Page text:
Medicaid is a health insurance program for low-income individuals funded by federal, state and county funds. Certain children, elderly, blind and/or disabled who are U.S. citizens, nationals, permanent residents, or legal aliens may be eligible to receive payouts from Medicaid. The financial requirements to qualify are complicated with many nuances.
One such trap in which to be wary is a practice referred to as Medicaid Estate Recovery. Under current federal laws, each state is required to attempt to collect back any money spent. In other words, while Medicaid will pay out for long-term care, this right of estate recovery, will come back with claims against your estate when you die to recover the money spent for your care prior to death. If you did not take proper steps to protect your home, it may have to be sold when you die to repay the state for the Medicaid services given.
For example, a widow lives in a home valued at $65,000 and has $1000 in her bank account. Due to illness, she moves into a skilled care facility and lives there for the last year of her life. When she dies, the Medicaid program makes a claim against her estate for $75,000 based on the amount spent for her care. The estate pays the claim by selling the house and taking any money left in her bank account. Her adult children do not inherit a dime and lose the opportunity to reside in the family home.
Several advocacy groups are speaking out against this practice and requesting Congress to eliminate the Medicaid Estate Recovery requirements. They argue that only a small fraction of the money spent is actually recovered but it causes tremendous hardship on the nation’s poorest families. Recent data shows that only 0.55 percent of the total Medicaid spending is recovered from estate recovery programs.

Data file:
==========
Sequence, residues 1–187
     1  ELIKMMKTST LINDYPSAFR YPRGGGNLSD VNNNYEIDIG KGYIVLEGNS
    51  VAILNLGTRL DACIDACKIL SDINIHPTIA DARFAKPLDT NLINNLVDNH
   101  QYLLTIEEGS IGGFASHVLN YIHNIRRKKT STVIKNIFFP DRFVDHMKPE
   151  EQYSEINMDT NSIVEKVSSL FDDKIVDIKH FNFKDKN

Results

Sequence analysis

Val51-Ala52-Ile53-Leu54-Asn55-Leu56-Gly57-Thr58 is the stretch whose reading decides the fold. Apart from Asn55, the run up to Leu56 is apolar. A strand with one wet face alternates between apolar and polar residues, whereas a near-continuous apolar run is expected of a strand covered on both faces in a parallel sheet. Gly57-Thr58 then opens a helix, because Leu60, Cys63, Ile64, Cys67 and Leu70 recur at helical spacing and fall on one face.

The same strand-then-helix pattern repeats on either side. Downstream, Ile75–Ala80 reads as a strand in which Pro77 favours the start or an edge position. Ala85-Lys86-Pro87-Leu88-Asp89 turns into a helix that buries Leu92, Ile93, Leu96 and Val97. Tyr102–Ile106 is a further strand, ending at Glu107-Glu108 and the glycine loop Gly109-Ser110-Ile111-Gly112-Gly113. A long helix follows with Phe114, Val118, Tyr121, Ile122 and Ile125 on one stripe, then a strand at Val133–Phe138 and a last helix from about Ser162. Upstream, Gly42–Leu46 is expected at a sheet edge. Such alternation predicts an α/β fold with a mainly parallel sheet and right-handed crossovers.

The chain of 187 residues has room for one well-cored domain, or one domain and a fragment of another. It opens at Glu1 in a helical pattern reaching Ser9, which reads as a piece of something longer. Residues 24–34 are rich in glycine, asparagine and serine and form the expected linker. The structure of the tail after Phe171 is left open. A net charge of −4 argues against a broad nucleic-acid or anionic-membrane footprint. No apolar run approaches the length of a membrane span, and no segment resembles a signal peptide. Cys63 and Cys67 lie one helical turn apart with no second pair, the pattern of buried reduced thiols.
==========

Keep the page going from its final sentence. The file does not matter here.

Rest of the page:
These advocacy groups call for the elimination of this requirement so that low-income families can begin to retain wealth and pass it on to future generations. Under the current laws, families remain poverty-stricken and this leads to exacerbated wealth gaps, especially in families of color.
In March 2021, Medicaid and CHIP Payment and Access Commission (MACPAC) submitted a report to Congress outlining the three primary ways they recommend changing the current laws. Entitled “Medicaid Estate Recovery: Improving Policy and Promoting Equity”, the report lists these 3 recommendations for change:
1. Allow Medicaid Estate Recovery to be optional by each state.
2. Allow states to pursue only the cost of care, not the amount of capitation payment, when the cost of care is less.
3. Amend hardship waivers to bar estate claims against A) a sole income-producing asset of a Medicaid recipient’s heirs; B) homes of modest values; and C) any estate less than a specified threshold value.
We will continue to follow the updates on Medicaid Estate Recovery as Congress considers these issues moving forward. At Stouffer Legal, we care about our seniors and monitor the issues that impact them and their families. For more information on elder law services in the Greater Baltimore area, contact our office for a consultation. You can schedule an appointment by calling us at (443) 470-3599 or emailing us at email@example.com.